Remington actually made the A5, with Browning markings, at two periods, from 1905-1910, and from 1940-1947, when the Belgian factory was out of business. But those guns were not marked as Model 11.
Browning was what we would now call a "free lance" designer. He had no factory and never entered series production for any of his guns. He sold the rights to his designs to whichever gun companies offered the best deal.
For a while, that was Winchester, then Colt, then FN, then Remington. He sold rights and also worked on a royalty basis. The neat part is that he made a lot of money, but never had to raise capital, build buildings, or buy production machinery. He made drawings and models until he got the idea working, then turned it over to someone else to worry about.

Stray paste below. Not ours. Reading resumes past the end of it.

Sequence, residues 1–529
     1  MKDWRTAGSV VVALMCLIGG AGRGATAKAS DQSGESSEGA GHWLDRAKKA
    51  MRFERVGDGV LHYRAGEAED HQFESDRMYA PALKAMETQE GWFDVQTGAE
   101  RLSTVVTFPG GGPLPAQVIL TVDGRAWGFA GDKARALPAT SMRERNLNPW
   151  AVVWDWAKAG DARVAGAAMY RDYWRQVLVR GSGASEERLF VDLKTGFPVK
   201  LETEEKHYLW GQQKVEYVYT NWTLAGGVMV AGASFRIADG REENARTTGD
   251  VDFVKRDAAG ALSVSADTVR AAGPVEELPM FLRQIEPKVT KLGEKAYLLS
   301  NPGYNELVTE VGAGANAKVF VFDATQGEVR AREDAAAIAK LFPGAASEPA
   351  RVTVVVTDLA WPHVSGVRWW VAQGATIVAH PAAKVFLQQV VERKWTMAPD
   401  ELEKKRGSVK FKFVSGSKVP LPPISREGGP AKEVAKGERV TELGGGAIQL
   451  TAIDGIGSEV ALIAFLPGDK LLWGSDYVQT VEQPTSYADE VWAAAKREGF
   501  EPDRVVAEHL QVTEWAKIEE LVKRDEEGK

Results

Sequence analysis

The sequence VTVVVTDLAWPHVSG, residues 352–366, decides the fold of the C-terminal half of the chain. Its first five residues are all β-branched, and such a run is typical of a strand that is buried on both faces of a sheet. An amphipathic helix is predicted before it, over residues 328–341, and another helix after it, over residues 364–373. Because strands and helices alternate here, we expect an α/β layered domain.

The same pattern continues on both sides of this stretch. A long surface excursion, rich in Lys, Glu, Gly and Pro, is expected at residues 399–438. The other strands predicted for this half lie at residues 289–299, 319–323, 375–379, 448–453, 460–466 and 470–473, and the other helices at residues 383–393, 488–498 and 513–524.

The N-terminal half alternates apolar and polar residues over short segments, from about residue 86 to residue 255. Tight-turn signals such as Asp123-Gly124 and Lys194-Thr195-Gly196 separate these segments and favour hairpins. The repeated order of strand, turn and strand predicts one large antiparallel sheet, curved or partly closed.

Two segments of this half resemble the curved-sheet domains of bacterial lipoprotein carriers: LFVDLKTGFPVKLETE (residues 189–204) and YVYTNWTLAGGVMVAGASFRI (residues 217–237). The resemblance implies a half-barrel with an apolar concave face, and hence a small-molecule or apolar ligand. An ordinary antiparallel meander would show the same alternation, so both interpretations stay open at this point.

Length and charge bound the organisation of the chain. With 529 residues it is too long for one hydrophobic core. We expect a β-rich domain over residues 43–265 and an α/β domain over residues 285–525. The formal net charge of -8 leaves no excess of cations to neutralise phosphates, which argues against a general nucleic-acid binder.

Companies were so eager to buy a Browning design that they even did all the patent paperwork for him. And in one case, that rose up to bite them. Winchester's patent attorneys drew up the patents for the A5, and made them very tight. But when negotiations over a purchase vs. royalty agreement broke down, Browning took his design to Remington (the death of its president broke up that deal) then to FN. When Winchester decided to produce its own autoloading shotgun, its chief designer, T.C. Johnson, had to work around the tight patents his own company had drawn up.